Periodic Solutions

An interesting example that is often seen is:

integral of e^{x} sin (x) dx

where the full integration does not need to be calculated. We use integration by parts twice.

Let f '(x) = ex, so that f(x) = ex, and g(x) = sin x, which differentiates to g '(x) = cos x.

Using the parts rule:

integral of e^{x} sin (x) dxe^{x} sin (x) - integral of e^{x} cos (x) dx

This new integration looks very similar to the original one, but persist. To evaluate the new integral, we use integration by parts again.

Let f '(x) = ex, so that f(x) = ex, and g(x) = cos x, which differentiates to g '(x) = -sin x.

Using the parts rule:

integral of e^{x} cos(x) dxe^{x} cos (x) - integral of e^{x} sin (x) dx

Combining these two, results in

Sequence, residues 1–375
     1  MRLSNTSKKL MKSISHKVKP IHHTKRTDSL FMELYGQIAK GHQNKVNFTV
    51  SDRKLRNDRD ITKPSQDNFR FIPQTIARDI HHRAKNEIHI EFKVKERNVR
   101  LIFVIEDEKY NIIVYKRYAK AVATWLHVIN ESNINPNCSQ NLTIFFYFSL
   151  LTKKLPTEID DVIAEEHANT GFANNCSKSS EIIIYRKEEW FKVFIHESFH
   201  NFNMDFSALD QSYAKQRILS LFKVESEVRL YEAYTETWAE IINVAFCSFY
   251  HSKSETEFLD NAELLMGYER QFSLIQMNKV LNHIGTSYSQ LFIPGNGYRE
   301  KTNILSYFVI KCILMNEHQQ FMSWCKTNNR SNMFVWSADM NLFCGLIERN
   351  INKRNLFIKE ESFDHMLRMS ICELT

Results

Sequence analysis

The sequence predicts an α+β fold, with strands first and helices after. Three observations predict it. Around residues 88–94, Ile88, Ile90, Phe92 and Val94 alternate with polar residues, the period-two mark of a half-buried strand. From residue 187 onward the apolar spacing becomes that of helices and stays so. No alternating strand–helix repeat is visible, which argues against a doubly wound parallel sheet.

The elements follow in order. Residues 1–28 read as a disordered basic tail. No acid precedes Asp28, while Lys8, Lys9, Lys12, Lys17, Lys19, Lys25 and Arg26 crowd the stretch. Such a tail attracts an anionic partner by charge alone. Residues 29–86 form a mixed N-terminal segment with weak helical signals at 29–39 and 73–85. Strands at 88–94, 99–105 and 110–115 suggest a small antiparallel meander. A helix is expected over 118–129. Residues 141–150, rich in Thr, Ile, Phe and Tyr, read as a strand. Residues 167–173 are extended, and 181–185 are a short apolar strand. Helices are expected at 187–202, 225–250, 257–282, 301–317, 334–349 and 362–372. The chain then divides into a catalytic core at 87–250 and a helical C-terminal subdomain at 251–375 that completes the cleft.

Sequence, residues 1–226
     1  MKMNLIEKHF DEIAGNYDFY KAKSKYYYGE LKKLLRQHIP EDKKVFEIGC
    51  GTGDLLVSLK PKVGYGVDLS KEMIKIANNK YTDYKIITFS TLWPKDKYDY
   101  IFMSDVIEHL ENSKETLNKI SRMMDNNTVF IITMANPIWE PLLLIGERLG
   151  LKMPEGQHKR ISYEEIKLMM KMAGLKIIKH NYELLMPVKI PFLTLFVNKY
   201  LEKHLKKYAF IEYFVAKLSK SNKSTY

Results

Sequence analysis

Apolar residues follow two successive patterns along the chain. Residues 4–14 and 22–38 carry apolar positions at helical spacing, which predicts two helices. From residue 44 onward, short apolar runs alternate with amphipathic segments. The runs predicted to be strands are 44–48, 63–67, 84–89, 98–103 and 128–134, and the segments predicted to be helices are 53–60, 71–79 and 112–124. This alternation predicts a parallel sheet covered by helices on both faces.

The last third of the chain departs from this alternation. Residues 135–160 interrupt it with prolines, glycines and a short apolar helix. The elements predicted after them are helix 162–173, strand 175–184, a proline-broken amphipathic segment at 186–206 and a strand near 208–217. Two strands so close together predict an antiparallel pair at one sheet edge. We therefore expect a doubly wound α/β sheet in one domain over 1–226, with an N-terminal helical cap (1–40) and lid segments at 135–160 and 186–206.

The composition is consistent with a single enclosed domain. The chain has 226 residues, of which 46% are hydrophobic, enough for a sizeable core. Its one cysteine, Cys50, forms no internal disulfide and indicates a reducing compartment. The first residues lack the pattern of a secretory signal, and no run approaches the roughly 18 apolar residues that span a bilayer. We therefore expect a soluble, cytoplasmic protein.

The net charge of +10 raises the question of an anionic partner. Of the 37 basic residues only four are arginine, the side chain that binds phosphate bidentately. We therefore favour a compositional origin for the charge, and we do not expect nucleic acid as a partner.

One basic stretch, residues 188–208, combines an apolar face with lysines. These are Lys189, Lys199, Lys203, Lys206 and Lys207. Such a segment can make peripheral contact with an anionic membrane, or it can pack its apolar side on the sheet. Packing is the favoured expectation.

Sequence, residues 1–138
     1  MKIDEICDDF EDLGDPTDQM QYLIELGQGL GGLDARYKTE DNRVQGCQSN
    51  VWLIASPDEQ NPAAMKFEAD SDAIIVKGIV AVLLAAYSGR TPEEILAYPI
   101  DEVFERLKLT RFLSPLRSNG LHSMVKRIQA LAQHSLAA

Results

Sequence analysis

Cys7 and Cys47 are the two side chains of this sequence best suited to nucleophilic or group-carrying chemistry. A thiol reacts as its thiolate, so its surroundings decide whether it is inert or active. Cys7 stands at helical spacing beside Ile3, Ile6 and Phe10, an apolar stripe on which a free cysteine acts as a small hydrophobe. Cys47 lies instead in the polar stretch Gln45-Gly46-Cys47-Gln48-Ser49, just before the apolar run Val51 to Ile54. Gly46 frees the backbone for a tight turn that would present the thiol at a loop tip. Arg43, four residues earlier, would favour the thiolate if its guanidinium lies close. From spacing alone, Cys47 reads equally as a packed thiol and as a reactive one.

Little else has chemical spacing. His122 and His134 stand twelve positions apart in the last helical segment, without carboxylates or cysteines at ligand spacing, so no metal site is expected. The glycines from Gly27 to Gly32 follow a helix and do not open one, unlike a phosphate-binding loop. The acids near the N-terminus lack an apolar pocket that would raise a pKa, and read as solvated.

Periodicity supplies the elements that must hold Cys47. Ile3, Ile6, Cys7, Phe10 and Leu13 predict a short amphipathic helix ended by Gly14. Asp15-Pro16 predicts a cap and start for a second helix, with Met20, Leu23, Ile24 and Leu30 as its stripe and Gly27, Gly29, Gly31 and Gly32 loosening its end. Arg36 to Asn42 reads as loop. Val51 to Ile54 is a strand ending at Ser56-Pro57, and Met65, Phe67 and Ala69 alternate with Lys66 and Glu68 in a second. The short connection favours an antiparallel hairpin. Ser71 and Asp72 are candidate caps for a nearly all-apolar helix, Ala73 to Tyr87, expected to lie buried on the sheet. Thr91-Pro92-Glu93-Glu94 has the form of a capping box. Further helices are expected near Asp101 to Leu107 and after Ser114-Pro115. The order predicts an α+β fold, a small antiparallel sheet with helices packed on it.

integral of e^{x} sin (x) dxe^x sin (x) - e^{x} cos (x)   - integral of  e^{x} sin (x) dx

The same integral appears on both sides of this equation. So we can simply solve the equation for the integral:

 2 times integral of e^{x} sin (x) dx = e^x sin (x) - e^{x} cos (x)

integral of e^{x} sin (x) dx  = half (e^x sin (x) - e^{x} cos (x))

It remains only to add a constant of integration.

Exercise

There are 10 types of problems found in these exercises. Do plenty of exercises until you feel confident about all types.

indefinite integral of

dx =

f(x) =  and g(x) = 

so f '(x) =  g '(x) = 

Working:

Inverse Trigonometric Functions

Example

the integral ofarctan(x) dx, where arctan(x) is the inverse tangent function.

Let f '(x) = 1 so integrating, f (x) = x and g(x) = arctan(x).   Remembering that integral of 1/(x^2 + 1) = arctan(x) + c, g '(x) = 1/(x^2 + 1)

Using the parts rule,

the integral ofarctan(x) dx = x arctan(x) − integral of x/(x^2+1) dx = x arctan(x) − ½ln(x2 + 1) + c.

Note that we have used the method of substitution to evaluate the final integral.

Exercise

Calculate the integral ofarcsin(x) dx.   Show answer

answer

For completeness, the integral ofarccos(x) dx = xarccos(x) − sqrt(1-x^2)+ c.

<< Integration by Trigonometric Substitution | Integration Index